The DGAC found strong to moderate evidence that multicomponent school and worksite policies are associated with improved dietary intake, including increased vegetable and fruit consumption and reduced body weight. Polices that include increased opportunities for physical activity, nutrition education, food service changes, and in schools (and parental involvement) are the most effective.

Food Safety and Sustainability

Fish: where do you get it?The conversations around food safety and sustainability are often heated, with drastically opposing views. The DGAC recommends a moderate approach:

  • Both farmed and wild-caught seafood are nutrient-dense foods that are rich sources of healthy fatty acids. The risk of contamination is similar between farmed and wild caught seafood and does not outweigh the health benefits of consuming seafood.
  • Wild-caught seafood cannot meet the growing demand, creating a need for sustainable seafood farming practices.

Caffeine Consumption

The research shows that in general, caffeine intake does not exceed recommend levels.

Moderate coffee consumption is considered to be 3-5 cups per day, or up to 400mg of caffeine per day. Moderate coffee consumption does not lead to increased health risk, and in fact is associated with decreased risk of type 2 diabetes, cardiovascular disease, liver and endometrial cancer, and Parkinson’s disease. The DGAC agrees with the American Academy of Pediatrics and the American Medical Association that until safety has been demonstrated, vulnerable populations including children, adolescents and young adults should avoid high-caffeine energy drinks or other products with high amounts of caffeine. Alcohol and energy drinks should never be mixed or consumed together.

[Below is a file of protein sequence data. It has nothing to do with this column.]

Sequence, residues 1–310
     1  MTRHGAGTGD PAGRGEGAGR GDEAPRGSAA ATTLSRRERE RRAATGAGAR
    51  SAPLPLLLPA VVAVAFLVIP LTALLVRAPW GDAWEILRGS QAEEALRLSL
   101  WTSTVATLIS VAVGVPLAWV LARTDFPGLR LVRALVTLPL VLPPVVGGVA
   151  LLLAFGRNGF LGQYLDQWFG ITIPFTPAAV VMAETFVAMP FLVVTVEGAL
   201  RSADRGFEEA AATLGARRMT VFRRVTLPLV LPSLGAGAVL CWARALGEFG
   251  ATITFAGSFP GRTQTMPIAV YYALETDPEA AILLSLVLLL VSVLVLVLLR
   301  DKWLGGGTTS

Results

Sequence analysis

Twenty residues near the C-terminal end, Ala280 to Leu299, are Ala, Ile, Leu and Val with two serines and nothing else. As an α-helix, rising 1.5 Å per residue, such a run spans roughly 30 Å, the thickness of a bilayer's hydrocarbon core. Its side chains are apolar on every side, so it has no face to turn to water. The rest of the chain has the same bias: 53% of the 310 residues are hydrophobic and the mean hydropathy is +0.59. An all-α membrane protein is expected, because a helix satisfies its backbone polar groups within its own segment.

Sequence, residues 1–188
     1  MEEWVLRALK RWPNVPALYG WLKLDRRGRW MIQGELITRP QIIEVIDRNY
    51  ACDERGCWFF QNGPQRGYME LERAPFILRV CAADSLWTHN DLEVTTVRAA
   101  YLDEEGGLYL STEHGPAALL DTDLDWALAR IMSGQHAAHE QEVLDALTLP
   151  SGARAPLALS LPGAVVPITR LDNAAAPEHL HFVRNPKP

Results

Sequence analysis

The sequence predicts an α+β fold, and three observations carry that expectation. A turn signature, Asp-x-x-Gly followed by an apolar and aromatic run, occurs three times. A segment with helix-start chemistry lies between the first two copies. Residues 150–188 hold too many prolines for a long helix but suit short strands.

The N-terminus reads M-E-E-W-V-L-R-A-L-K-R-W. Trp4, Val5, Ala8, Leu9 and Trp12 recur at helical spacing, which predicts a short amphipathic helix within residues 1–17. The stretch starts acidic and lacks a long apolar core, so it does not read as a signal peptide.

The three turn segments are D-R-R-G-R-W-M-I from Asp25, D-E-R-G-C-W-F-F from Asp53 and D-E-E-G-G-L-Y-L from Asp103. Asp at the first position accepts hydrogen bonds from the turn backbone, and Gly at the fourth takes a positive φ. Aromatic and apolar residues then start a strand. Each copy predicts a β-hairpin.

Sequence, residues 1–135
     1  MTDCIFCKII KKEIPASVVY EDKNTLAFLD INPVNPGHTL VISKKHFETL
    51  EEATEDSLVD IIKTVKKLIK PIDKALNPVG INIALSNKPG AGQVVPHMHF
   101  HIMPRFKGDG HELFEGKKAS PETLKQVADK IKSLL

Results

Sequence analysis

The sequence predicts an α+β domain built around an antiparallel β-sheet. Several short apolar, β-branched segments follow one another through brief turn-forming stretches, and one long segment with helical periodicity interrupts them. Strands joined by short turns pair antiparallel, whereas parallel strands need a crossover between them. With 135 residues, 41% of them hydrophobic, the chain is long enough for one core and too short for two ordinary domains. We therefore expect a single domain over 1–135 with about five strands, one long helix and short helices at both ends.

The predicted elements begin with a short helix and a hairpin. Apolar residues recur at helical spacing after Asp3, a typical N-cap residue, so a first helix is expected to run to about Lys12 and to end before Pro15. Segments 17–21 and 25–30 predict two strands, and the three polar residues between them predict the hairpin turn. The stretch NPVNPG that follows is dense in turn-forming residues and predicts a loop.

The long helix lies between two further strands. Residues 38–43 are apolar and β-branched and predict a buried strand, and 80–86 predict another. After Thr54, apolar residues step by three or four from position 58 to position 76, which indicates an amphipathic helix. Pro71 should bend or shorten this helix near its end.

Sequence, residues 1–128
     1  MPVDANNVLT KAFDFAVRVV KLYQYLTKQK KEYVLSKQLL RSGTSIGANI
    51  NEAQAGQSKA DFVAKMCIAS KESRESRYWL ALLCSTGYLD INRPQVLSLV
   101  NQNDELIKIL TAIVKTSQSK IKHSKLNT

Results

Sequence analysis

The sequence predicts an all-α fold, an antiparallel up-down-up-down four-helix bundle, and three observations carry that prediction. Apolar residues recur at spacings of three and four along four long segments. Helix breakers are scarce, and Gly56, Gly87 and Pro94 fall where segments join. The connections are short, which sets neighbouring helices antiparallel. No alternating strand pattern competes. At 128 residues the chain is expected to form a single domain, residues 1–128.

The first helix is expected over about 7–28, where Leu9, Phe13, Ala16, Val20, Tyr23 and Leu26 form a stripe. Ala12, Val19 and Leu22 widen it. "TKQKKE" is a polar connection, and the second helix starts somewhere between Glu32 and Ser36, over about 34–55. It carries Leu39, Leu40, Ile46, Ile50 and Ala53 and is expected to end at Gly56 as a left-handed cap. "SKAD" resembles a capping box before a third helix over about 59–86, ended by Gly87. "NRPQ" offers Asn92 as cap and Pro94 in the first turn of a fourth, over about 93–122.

Women who are pregnant or planning to become pregnant should be cautious and adhere to current recommendations of the American Congress of Obstetricians and Gynecologists and consume less than 200 mg caffeine per day (approximately two cups of coffee) to reduce risk of stillbirth, miscarriage, low birth weight, and small for gestational age.


What do YOU think about aspartame?Aspartame is the football of sugar substitutes, going back and forth from being banned to considered a safe option. The DGAC concurs with the European Food Safety Authority (EFSA) Panel on Food Additives that aspartame in amounts commonly consumed is safe and poses minimal health risk for healthy individuals without phenylketonuria (PKU). The risk to pregnant woman is unknown. However, long-term human studies are needed to assess a possible relationship between aspartame and risk of non-Hodgkin lymphoma and multiple myeloma. The recommendation is to stay below the aspartame Acceptable Daily Intake (ADI) of <50mg/kg/day. A 12-ounce diet beverage contains approximately 180mg aspartame. A 150-pound (68 kg) woman could drink up to 18 12-ounce diet beverages sweetened with aspartame and meet this guideline.

Anyway, that’s a collection of my immediate thoughts about the highlights from the latest DGAC update. What stood out to you? What most affects your practice?

By Lynn Grieger RDN, CDE, CPT, CWC

ALL-NEW Health/Nutrition Education Materials

ALL-NEW Health/Nutrition Education Materials!

The Nutrition Education Store is overflowing with BRAND-NEW nutrition education materials. We have over 70 brand-new items that will make your life easier. Here are some of the latest and greatest…

Healthy Cooking Workbook

MyHealth Bulletin Board Kit

Quality Nutrition Poster Value Set